by Brian Solis
With the demise of Business 2.0, several editors and reporters are migrating to bigger and better opportunities.
I caught up with for Business 2.0 veteran Michael Copeland at the TechCrunch40 conference and he mentioned that he was now part of the Fortune team. I think Copeland is an excellent and astute writer, so hats off to him for making a seamless transition.I also saw Lindsay Blakely at the show, although I wasn’t able to break free from my conversation to catch up with her. Lindsay, what are you up to these days?
I’ve also been talking to Chris Morrison quite a bit lately who recently joined Matt Marshall over at VentureBeat
Then there’s the story of Erick Schonfeld, former Editor at Large for Business 2.0. It just so happens, that Mr. Schonfeld has joined TechCrunch as co-editor, sharing the responsibility with none other than Michael Arrington himself
Photo Credit: TechCrunch
Per Arrington’s post announcing the new hire, “I am extremely proud to announce that TechCrunch now has a co-editor. Erick Schonfeld, most recently an editor-at-large at Business 2.0…The timing was also perfect. I was able to hire Heather, our CEO, after her boss Ross Levinsohn left Fox. Similarly, talking Erick into joining was much easier since Business 2.0 is closing down next week. He had many job offers to choose from, but our persistence won in the end.”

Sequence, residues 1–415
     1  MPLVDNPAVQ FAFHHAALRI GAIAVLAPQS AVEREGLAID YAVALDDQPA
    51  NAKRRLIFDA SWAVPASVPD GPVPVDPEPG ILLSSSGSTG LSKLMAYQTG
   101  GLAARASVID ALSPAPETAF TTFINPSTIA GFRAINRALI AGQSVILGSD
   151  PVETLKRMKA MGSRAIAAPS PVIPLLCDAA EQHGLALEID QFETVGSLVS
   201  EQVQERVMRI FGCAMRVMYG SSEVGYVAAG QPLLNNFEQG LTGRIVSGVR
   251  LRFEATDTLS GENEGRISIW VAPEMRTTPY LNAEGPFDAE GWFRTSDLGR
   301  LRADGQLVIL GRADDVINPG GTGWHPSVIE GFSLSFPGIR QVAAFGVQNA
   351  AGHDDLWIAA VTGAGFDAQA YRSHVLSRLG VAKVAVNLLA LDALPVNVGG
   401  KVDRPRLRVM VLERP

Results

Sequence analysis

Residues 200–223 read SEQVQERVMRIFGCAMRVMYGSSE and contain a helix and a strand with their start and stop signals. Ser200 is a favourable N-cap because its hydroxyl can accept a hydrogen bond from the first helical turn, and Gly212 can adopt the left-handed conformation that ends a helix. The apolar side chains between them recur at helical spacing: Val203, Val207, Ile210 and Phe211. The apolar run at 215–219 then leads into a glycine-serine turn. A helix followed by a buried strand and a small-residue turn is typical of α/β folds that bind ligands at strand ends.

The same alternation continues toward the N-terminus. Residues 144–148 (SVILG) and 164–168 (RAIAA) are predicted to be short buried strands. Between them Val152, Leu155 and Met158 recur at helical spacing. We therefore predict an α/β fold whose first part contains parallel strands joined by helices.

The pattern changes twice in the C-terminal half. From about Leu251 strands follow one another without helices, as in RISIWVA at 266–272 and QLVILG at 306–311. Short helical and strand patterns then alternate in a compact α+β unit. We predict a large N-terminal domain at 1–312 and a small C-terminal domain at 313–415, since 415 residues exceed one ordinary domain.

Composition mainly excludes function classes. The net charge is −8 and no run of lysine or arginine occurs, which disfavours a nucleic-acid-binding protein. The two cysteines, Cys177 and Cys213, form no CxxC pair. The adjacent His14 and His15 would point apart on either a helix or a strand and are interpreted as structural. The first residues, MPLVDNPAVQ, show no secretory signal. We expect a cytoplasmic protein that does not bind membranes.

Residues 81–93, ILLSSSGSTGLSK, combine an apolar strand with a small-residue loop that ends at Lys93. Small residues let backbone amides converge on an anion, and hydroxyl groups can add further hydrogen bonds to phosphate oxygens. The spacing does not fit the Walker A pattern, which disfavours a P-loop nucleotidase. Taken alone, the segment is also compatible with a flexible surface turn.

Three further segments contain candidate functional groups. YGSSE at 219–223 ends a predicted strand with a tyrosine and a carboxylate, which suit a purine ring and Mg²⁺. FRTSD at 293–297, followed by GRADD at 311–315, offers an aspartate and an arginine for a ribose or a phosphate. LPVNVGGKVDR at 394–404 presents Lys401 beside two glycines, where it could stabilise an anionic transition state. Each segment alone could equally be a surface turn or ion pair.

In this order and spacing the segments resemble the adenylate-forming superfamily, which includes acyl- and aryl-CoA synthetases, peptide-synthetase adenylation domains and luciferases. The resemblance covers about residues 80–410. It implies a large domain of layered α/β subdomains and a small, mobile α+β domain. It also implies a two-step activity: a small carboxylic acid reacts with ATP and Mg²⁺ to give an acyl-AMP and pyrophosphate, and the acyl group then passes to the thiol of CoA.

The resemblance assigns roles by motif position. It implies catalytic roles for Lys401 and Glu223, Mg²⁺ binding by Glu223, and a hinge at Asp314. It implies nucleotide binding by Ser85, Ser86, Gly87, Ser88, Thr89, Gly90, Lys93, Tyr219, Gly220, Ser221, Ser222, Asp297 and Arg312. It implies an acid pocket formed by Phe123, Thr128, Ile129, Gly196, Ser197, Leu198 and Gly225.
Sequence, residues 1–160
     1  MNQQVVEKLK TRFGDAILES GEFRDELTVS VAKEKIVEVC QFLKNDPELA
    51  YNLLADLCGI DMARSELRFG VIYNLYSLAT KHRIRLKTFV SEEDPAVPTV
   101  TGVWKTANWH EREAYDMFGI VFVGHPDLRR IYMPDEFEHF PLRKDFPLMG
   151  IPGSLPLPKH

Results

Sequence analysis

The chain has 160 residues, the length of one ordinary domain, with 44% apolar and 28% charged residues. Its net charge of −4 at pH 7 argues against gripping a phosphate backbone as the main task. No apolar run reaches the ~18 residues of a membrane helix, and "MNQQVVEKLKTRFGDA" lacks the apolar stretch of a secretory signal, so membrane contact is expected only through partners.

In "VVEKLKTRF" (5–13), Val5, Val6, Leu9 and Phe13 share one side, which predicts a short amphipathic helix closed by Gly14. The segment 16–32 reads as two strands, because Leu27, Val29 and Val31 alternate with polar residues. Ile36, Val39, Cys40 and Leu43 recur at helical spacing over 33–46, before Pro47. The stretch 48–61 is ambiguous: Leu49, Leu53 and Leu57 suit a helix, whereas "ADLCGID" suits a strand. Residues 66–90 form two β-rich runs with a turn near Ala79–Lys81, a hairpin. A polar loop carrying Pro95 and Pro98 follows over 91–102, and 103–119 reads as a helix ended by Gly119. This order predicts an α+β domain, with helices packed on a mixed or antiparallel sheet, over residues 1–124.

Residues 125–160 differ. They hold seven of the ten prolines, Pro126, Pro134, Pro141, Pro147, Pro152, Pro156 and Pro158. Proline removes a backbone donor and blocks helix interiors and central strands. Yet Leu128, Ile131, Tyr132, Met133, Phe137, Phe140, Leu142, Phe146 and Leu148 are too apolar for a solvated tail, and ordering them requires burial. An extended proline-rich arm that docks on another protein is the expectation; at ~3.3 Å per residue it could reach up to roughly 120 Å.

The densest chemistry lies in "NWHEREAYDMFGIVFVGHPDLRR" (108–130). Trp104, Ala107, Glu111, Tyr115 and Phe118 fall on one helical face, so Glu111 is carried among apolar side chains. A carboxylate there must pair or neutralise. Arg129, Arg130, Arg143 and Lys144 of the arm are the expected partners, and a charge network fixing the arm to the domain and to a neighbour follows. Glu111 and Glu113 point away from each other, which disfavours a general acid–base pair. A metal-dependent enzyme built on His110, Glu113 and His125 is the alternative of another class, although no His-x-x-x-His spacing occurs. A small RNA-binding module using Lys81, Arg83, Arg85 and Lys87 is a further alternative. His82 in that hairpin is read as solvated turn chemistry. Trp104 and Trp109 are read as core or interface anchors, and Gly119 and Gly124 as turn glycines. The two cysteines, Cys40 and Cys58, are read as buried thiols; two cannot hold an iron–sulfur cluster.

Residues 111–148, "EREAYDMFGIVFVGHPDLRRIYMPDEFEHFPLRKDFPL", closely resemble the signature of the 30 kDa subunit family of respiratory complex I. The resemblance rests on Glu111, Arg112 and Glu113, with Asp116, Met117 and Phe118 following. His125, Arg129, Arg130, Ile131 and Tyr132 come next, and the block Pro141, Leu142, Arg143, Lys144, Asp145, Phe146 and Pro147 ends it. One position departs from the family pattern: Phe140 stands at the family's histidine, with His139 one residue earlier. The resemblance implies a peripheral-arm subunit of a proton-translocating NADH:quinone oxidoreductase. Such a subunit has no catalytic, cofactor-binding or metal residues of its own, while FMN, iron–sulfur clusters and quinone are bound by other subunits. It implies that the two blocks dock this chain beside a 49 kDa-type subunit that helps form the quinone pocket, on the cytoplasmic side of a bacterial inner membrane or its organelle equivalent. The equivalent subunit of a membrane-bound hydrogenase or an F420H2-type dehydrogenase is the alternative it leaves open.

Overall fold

Erick will remain in New York and officially open the New York office, which he will share with another TechCrunch property, CrunchGear.
Erick has been covering startups and technology news for 14 years.
Prior to Business 2.0, Erick was an editor-at-large for eCompany and a contributing editor for Fortune. In 1999, Schonfeld won the prize for best information technology submission at London’s Business Journalist of the Year Awards, and in 2001 he won the prize for best space submission at the Aerospace Journalist of the Year Awards in Paris.
In 1996 and 1997, Schonfeld was recognized in the TJFR Business News Reporter’s list of the “best and brightest financial journalists under the age of 30.” He appears regularly on CNBC, CNN, and NY1, and is a frequent speaker at industry conferences. Schonfeld graduated magna cum laude from Cornell University in 1993.
In memoriam, the final issue:
See my previous story, “Business 2.0 is Dead.”